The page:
So I suppose my conclusion is that, metal has way more problems than illegal downloading. If you own a thousand records but you never get out and see live music, I hate to break it to you but you are not a scene supporter. All that means is that you are willing to designate a large portion of your apartment space to your huge music collection. If you downloaded a few albums because you’re poor, you’re not the worst person ever either. As long as you go to shows, and buy a t-shirt here or there, you fucking rule! Let’s all stop the guilt tripping then and just try to create something original. With that in mind, let’s bang our heads to some old Slayer, a truly original band in their time. Your band couldn’t touch what they did.
Wo Fat aren’t a metal band in the purest sense. In fact, the band doesn’t even have a metal archives page, which is kind of a prerequisite for being metal (unless of course, you belong to this new school horde of bandcamp metal bands that refuses to set up a metal archives page, but I get to them at a later date) . Wo fat isn’t that though. They’re more of psychedelic rock band. But Underworld will pay its respects to Wo Fat because Wo Fat has one thing that all metalheads crave and fiend for like a bunch of junkies………riffs.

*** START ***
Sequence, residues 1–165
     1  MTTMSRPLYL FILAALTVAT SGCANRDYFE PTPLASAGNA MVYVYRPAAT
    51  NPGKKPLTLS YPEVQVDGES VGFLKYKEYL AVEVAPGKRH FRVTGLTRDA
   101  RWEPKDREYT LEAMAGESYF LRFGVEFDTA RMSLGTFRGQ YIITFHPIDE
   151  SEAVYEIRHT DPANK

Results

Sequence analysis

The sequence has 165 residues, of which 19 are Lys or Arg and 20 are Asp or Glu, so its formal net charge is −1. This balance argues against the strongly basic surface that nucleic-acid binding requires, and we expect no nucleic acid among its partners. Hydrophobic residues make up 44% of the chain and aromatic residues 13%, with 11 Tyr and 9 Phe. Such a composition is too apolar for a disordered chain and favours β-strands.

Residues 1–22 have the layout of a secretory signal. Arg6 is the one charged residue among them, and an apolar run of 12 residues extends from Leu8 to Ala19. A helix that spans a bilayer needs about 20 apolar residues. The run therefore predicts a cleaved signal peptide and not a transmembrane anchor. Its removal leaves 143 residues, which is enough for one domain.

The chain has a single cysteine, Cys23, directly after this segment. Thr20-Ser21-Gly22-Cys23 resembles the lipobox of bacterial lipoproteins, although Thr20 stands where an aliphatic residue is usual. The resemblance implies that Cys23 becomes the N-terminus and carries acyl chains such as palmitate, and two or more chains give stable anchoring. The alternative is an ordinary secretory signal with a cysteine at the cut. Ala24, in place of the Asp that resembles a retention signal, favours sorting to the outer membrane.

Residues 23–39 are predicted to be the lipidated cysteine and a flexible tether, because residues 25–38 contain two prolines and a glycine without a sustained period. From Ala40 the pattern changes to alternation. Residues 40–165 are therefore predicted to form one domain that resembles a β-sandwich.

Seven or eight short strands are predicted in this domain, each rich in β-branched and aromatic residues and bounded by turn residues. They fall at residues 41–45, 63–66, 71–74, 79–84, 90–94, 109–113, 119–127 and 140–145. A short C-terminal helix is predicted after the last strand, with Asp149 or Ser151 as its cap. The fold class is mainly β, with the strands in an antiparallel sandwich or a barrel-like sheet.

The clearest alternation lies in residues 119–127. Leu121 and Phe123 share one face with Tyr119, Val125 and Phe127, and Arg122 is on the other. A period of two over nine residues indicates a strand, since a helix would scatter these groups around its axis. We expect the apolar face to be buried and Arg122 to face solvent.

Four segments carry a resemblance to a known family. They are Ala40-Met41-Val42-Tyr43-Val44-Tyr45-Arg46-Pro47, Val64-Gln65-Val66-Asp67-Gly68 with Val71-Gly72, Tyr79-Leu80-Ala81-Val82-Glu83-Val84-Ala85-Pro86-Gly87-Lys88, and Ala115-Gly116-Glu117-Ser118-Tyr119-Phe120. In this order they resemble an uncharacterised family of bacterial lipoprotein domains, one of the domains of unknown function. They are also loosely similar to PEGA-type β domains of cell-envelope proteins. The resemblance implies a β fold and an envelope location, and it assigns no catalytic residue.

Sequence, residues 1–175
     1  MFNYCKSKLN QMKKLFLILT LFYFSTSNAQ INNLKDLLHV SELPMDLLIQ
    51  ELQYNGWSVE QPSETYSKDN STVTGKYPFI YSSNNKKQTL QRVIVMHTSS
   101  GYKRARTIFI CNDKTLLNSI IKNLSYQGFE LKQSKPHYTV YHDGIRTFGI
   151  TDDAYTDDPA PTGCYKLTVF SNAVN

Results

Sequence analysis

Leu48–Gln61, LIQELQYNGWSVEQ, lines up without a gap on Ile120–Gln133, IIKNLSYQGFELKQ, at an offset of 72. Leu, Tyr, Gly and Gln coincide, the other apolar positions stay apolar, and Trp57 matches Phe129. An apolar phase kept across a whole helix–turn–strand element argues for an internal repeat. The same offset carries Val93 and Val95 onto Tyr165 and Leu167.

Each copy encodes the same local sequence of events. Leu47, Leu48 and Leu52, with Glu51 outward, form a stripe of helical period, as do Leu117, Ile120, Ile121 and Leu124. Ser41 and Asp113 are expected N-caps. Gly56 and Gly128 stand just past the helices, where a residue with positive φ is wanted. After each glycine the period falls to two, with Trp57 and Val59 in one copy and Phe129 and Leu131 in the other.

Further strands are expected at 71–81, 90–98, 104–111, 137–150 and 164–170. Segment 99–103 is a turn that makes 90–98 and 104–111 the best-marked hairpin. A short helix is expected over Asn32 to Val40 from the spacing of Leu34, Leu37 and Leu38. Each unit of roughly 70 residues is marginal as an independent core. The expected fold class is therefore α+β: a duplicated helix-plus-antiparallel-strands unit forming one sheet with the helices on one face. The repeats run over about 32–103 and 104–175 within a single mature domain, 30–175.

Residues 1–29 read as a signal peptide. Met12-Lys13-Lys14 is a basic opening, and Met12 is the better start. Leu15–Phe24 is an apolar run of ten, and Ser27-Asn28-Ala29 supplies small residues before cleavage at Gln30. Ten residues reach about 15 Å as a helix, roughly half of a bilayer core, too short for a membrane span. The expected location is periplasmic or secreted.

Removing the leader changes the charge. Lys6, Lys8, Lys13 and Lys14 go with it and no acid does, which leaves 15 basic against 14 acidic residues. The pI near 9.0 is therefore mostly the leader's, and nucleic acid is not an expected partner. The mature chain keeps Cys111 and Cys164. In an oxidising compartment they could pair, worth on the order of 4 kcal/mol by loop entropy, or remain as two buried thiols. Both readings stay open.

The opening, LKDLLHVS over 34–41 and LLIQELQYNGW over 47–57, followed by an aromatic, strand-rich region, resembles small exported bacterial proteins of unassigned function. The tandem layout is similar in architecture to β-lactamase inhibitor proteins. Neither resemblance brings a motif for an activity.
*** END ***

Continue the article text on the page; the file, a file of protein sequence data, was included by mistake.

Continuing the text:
Despite not being a traditional metal band per say, any metal fan worth his weight in salt would have respect for the kind of freak out , psychedelic, guitar worship reverberations pumped out by the Texas, desert rock trio. Wo Fat combines all the best elements from early classic rock (cool riffs, long trippy solos, and mind fuck, stoner lyrics) and metals up the sound by cranking up the distortion. Wo Fat, and most other modern psychedelic rock bands, completely omit the folky or cheesy elements many classic rock bands embraced in the 70’s, instead writing every song as though it’s the long version of Uriah Heep’s “I Don’t Need No Doctor” or something. That’s where the appeal for metal heads comes in. But Wo Fat is also a band you can enjoy with your dad. Figured I’d slip that in considering it’s Father’s Day and all.
Aside from the short, driving anthem “Riffborn”, all the tracks on Midnight Cometh are almost 10 minutes long, featuring long solos, and jam breaks. “Of Smoke and Fog”, the longest track on the album, particularly stood out for me, with its long build up and groovy jam toward the end of the track. The track’s chorus was noteably catchy as well, the kind of chorus that lodges itself in your brain for hours after listening to it. The album continues with this general theme and ends epically with Nightcomer, a freakout anthem, with bombastic drumming and mind blowing jams. This isn’t your typical stoner shit. Wo Fat brings it hard as fuck. From the first riff in “There’s Something Sinister in the Wind”, metalheads, stoners, and dads alike will be hooked. Fans of Naam, Egypt, Budgie, and Mountain take note. This is an album that will find it’s way into regular rotation in your playlist. So roll up a doob and get ready to freak the fuck out. Midnight Cometh is a must listen for 2016.